Reviews Natterers Head In Threathening Attitude

Natterers

Head In Threathening Attitude

Sometimes I like my punk straightforward. Give me some power chords, play them high speed, high energy for one to three minutes and I’m a happy man. Sometimes I like my punk a bit different. One thing I enjoy is a guitarist who dares to play something different. Just to give an example, one thing I dig is more surfy licks. Think Dead Kennedys’ East Bay Ray. Now enter Natterers. 

Natterers is a band from Yorkshire, England. (Not from London for a change.) After a few EPs, Head In Threatening Attitude is their debut LP. I’m guessing the title of the record refers to the bat on the right side of the cover, which that bat at least isn’t looking too friendly. A bat on the cover, a bat in the band logo, “What’s up with all those bats?” I thought. So I asked my good friend Google to enlighten me. Natterer is a type of bat that’s very common in Europe. What can I say, I learn something new every day!

But enough about that. Let's talk about music. Head In Threatening Attitude is a sweet and short album, even though it has 14 songs on it. They're short songs that don’t overstay their welcome. Most last somewhere between one-and-a-half to two minutes. Of course, there has to be an exception to the rule. That would be “Dead Man Can’t Catcall”. Gotta love the song-title.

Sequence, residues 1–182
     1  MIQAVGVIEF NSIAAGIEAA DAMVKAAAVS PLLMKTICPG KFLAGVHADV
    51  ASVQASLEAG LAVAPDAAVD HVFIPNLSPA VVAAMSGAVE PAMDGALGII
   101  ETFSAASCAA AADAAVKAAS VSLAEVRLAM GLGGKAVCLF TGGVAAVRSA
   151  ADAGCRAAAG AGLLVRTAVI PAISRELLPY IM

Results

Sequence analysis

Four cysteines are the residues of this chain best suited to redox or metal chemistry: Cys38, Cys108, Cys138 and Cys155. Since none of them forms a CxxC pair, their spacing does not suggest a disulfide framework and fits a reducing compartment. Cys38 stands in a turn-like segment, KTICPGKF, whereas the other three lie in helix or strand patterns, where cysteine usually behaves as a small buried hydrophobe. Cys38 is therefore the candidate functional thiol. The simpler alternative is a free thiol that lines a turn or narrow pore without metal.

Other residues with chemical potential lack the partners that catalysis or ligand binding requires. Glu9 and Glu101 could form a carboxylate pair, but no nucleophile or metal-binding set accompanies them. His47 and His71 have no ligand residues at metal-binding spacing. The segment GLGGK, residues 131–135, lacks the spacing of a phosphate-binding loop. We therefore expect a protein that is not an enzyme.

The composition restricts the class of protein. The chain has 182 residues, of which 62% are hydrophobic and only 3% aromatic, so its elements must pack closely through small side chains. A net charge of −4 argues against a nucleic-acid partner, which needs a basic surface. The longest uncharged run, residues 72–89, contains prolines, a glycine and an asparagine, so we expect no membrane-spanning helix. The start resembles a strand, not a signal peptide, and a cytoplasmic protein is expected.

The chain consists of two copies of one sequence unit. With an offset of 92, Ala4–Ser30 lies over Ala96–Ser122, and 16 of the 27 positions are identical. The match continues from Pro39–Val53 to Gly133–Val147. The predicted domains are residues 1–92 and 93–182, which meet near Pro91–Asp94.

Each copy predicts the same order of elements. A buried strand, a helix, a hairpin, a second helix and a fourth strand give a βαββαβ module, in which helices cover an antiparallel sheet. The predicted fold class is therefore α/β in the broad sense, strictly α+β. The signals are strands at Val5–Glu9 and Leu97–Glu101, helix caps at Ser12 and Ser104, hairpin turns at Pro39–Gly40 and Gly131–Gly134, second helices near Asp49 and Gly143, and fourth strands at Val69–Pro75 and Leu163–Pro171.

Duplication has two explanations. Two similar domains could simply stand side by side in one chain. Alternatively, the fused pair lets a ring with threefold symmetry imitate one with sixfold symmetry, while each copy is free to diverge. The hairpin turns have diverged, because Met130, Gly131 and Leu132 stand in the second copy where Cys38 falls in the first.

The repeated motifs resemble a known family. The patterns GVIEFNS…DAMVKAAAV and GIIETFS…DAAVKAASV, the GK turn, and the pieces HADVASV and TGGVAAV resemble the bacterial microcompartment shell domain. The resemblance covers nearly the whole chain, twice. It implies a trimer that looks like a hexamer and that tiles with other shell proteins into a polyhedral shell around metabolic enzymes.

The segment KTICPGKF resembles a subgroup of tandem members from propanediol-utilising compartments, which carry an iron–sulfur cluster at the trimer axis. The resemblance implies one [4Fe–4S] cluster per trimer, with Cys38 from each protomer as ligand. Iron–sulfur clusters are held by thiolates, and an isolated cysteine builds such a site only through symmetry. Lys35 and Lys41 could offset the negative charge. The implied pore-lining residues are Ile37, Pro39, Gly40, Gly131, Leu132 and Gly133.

Music wise I’ve given enough clues in which corner of the punk universe you’ll find Natterers (Knowing Natterers are actually bats makes this a bit of a weird sentence, don’t you think?). They're heavily influenced by Dead Kennedys. This means Natterers has a lot in common with Night Birds and Sun Power. Something that sets them apart from their peers is vocalist Emma. She spews out her lyrics with an ironic sneer that you’ll find with the best in this genre. Both Emma and guitarist Thomas can only shine because of the solid foundation laid out by bassist Rob and drummer Dave. 

The production also deserves special mention. This album was recorded in France by Guillaume Doussaud at Swan Sound Studio. The mix is spacious, clear, and very powerful. This guy has worked wonders for the sound. I must admit I am becoming a bit of a fan of him. His work with Youth Avoiders was equally amazing. 

This album is just hit after hit, so I can only urge you to check it out from start to finish. For those of you in a rush: start with “Germs And Creeps,” my favourite track of the bunch. 

I will play this record a couple more times before I dig into their past performances and check out those EPs I mentioned. I suggest you do the same!

9.0 / 10Dennis
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9.0 / 10

9.0 / 10

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